Leading with a purpose

Professor Jackson said that most leadership theory was too focused on individuals and their personality and authority, and not on the broader outcomes.

“Leadership is a process, and one that must be purpose-driven. Often a focus on place can also bring our collective purpose into focus,” he said.

“I’m a big believer in the importance of getting out of the office. I’d say that one-hour out of the office is worth two hours in it. Being in a place and seeing things, even at a mundane level can change your perspective and be a real influence on policy.”

He said that public servants needed to expand their understanding of leadership, and recognise that it was becoming more about an outward focus with an emphasis on networking and collaboration. 

“It’s about working out how the hell we get people from different cultures, backgrounds and organisations to create something in common and sustain it for the long-term.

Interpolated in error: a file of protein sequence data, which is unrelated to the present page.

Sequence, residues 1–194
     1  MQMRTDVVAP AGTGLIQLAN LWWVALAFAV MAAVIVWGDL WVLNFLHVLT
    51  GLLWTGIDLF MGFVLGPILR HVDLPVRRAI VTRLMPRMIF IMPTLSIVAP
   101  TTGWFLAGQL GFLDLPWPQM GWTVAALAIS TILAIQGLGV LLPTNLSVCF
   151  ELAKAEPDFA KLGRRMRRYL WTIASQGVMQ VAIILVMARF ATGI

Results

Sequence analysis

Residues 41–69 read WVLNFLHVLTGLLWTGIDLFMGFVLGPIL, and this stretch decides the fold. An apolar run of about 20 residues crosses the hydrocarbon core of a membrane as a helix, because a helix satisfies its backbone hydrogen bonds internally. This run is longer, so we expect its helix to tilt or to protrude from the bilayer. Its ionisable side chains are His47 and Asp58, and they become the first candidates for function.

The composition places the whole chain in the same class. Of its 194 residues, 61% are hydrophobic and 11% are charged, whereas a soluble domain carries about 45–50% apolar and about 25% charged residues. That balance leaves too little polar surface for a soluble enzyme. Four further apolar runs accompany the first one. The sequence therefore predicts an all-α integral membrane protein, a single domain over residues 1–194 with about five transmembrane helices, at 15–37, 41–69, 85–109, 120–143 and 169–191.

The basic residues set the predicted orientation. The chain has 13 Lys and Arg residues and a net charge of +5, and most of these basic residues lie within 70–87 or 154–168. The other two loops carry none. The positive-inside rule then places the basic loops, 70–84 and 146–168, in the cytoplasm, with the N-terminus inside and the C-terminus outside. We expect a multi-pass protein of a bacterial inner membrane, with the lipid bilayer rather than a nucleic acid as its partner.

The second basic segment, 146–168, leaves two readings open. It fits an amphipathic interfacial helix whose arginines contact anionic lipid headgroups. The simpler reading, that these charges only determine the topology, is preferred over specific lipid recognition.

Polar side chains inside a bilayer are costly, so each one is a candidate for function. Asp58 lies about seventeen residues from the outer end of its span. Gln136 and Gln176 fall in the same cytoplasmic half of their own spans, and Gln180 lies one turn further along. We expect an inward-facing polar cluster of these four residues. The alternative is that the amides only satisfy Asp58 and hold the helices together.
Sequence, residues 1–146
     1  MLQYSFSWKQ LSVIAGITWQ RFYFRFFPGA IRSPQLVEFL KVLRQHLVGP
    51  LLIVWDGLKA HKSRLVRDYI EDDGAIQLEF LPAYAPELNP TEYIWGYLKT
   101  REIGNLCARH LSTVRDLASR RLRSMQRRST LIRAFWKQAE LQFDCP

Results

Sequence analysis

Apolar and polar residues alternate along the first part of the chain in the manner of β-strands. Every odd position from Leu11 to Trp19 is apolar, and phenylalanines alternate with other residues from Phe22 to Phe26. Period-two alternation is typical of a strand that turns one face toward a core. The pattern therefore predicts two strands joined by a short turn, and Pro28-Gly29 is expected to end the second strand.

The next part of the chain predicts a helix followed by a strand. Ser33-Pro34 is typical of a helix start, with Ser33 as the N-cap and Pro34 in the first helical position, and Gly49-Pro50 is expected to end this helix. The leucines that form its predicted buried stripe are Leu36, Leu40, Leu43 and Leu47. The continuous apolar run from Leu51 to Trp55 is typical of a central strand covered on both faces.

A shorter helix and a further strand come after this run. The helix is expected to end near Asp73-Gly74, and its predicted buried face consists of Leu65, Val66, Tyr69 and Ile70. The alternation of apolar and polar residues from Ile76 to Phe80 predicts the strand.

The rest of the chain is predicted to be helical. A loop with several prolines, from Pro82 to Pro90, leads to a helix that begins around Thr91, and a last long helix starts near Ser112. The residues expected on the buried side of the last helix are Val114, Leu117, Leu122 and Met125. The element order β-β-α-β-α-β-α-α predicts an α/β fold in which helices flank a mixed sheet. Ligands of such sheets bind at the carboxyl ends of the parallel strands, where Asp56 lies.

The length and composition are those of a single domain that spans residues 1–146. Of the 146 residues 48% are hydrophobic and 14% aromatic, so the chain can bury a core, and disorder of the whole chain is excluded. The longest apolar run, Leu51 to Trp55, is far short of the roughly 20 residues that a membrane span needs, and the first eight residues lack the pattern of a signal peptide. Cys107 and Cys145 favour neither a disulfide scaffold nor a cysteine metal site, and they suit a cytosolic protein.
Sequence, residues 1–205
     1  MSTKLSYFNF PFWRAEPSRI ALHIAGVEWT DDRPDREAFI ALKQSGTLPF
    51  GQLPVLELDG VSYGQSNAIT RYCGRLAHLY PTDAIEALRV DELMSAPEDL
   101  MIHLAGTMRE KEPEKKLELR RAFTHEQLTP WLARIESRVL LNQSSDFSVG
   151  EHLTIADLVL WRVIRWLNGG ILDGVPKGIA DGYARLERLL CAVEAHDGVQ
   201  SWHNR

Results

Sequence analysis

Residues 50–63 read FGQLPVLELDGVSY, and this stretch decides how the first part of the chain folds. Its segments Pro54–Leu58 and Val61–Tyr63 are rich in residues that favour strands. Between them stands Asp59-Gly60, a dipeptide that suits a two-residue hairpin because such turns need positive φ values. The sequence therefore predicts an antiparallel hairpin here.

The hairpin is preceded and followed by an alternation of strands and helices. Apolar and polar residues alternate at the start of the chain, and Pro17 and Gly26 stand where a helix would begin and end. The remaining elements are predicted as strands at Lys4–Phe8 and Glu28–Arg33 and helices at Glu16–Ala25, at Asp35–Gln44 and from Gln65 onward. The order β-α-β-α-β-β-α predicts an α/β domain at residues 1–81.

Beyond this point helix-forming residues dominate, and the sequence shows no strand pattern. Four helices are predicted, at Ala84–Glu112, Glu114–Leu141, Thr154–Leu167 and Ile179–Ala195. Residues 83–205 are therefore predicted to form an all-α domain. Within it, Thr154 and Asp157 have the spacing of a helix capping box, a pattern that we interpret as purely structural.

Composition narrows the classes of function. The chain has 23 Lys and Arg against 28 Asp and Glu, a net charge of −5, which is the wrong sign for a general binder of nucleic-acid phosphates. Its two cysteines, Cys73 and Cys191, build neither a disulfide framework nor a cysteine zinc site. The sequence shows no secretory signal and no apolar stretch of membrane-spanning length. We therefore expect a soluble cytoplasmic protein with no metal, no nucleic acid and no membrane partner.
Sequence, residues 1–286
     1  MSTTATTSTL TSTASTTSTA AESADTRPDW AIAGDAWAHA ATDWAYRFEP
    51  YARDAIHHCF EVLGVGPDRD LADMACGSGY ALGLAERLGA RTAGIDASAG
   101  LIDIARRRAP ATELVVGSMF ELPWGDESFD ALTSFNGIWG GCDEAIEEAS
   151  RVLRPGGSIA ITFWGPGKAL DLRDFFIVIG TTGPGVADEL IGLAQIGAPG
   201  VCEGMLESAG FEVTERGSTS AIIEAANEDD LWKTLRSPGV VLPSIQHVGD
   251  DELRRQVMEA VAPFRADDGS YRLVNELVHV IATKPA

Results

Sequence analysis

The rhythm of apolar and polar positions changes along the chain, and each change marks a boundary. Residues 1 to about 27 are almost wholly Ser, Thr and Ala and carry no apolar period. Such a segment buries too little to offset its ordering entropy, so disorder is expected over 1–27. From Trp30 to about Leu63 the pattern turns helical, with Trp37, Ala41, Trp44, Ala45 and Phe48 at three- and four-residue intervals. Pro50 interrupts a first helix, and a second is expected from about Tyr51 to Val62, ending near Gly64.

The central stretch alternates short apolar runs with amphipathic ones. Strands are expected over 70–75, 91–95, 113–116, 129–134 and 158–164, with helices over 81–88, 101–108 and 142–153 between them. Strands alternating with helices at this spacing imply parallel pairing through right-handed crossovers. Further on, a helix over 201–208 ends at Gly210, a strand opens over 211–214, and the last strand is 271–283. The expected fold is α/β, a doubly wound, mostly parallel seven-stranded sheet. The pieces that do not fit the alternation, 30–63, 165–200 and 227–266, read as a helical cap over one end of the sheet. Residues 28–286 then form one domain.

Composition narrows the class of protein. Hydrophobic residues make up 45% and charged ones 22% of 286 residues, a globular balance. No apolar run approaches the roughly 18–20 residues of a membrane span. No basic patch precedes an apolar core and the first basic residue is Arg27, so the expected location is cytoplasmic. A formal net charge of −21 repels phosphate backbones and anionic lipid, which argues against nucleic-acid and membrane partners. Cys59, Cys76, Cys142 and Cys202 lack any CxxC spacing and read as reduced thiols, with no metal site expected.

“How well you lead internally is not unimportant, but it’s not the whole of leadership, and in some cases it can undermine what is trying to be achieved more broadly.”

Professor Jackson said public sector leaders needed to be more open to working with the communities they served, and recognising the importance of partnerships.

Shifting sectors is the future

Public servants are increasingly working with the private and not-for-profit sectors to deliver services, and Professor Jackson said their roles would become more collaborative and more fluid in the future.

“There will be a lot more movement between the public, private and not-for-profit worlds, not just in the contracting of services, but in people shifting a lot more between them, and collaborations will be project-based.

“I encourage people to become sector-savvy and to shift across from public to private to community sectors as part of their career.” 

Professor Jackson says that public servants should not wait to reach a certain level before trying to show leadership.

“Leadership is something that can be pursued right through an organisation.  My question is what are you doing at your level? Do you challenge constructively? Do you take risks? Do you follow when you need to?”

ANZSOG’s inaugural Deputies Forum will be held on 15-18 July on the Gold Coast, Queensland.